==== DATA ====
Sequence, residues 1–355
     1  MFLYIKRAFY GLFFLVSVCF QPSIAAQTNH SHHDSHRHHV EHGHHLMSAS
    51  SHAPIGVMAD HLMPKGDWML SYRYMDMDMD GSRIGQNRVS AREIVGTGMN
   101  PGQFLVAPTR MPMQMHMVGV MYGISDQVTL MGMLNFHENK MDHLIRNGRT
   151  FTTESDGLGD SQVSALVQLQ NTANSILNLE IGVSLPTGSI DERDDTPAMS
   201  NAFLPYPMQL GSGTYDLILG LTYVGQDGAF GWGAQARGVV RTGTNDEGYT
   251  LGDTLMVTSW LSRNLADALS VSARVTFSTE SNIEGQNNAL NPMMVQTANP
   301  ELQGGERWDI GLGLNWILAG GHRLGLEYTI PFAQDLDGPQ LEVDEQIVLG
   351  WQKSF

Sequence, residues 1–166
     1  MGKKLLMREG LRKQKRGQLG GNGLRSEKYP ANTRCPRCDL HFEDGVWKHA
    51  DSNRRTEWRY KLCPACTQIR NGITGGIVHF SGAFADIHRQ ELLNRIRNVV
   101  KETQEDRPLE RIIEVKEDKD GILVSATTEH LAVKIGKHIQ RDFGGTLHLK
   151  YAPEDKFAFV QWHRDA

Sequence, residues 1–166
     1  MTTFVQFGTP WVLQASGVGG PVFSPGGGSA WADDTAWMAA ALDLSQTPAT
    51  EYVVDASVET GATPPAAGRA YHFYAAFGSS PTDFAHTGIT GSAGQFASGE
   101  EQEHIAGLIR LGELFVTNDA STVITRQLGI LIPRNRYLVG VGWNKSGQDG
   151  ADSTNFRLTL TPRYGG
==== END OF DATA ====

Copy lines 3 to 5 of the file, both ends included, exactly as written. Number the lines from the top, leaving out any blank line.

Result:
    51  SHAPIGVMAD HLMPKGDWML SYRYMDMDMD GSRIGQNRVS AREIVGTGMN
   101  PGQFLVAPTR MPMQMHMVGV MYGISDQVTL MGMLNFHENK MDHLIRNGRT
   151  FTTESDGLGD SQVSALVQLQ NTANSILNLE IGVSLPTGSI DERDDTPAMS